Sounds good to me. I have much to look forward to,


  6. Most of our ancestors were nomads. We are actually better suited for it than most would acknowledge. The negative comments are from people who are terribly insecure and will one day be found huddling in a closet, unable to move.

    A good friend of mine, a psychiatrist, told me years ago to go to work (or any other habitual trip) by different routes if possible. If you go the same way all the time to the same places, you will begin to narrow yourself until you are trapped in a single room.

  7. This is really interesting to me because I’m contemplating travelling (as a companion) as a lifestyle – which I think you’re doing for a while, Amanda? Sorry, haven’t read much of your stuff, but I did a Google search on me and found I was mentioned in your blog – I’m flattered, couldn’t find the mention though.

    Anyhow back to the point – staying in good hotels and getting deals can actually be cheaper than paying for an apartment right now, and gives you the flexiblity to just leave when you’re bored. I like it! The only drawback for me is not being able to cook – I do like to have my own pure, healthy food.

    Hope your travels are going well in Europe Amanda, I saw you’re in Kensington and thinking you might get bored soon. Well yes, Kensington or anywhere can get boring without the right company – another little challenge of living on the road!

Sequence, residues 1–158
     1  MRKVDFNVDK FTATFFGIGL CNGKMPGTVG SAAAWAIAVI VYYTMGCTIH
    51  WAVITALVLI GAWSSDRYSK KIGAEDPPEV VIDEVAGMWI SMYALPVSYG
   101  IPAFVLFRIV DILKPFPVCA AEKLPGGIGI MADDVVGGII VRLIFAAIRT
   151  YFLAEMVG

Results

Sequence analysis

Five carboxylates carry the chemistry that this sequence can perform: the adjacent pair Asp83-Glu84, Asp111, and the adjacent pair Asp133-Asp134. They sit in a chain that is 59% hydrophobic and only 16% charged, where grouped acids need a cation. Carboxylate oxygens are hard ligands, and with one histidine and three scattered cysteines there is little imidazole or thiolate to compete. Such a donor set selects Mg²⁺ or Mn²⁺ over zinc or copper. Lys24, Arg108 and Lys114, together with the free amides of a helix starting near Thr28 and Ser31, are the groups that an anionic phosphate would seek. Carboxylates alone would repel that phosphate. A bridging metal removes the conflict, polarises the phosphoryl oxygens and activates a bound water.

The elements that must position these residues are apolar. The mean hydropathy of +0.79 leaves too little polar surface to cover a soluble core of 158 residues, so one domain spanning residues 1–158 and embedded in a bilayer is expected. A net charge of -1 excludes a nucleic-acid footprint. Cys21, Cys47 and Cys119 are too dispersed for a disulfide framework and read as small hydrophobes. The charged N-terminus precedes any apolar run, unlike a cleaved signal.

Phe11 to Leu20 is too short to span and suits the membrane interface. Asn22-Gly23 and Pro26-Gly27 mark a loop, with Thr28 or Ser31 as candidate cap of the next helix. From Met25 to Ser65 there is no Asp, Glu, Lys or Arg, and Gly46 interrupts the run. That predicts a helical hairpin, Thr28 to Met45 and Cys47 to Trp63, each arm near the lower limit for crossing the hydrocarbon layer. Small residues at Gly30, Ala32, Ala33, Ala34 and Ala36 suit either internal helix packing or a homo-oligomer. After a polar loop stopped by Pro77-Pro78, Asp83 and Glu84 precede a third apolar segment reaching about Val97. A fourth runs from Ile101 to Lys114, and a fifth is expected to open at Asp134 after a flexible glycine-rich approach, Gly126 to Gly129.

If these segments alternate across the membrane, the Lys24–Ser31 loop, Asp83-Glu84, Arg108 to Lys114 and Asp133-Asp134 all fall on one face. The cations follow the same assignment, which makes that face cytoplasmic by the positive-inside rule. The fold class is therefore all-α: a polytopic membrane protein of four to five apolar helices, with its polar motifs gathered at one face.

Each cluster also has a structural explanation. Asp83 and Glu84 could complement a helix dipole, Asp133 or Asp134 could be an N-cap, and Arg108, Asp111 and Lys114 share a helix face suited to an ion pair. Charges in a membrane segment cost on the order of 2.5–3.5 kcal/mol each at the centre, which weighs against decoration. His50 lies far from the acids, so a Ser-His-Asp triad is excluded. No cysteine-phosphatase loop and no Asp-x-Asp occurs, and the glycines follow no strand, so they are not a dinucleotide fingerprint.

Tamara G. x

  8. Harold,

    Yes! I can testify to simply breaking out of the routine of going to the same places is good.

    As for “one day be found huddling in a closet, unable to move” I’m just laughing.


  9. Tamara,

    Yes, I’m working as I’m traveling. I thought that was really clear but may’ve been buried in some prior posts.

    I’m not sure that I’ve mentioned you on the blog but have you commented here before? I think so and that would get you linked.

    Good hotels can be had everywhere cheap right now, though my next move will be back to a flat. I think it honestly depends on the locale you’re in and the whole situation. No one-size-fits-all solution — I can see that already.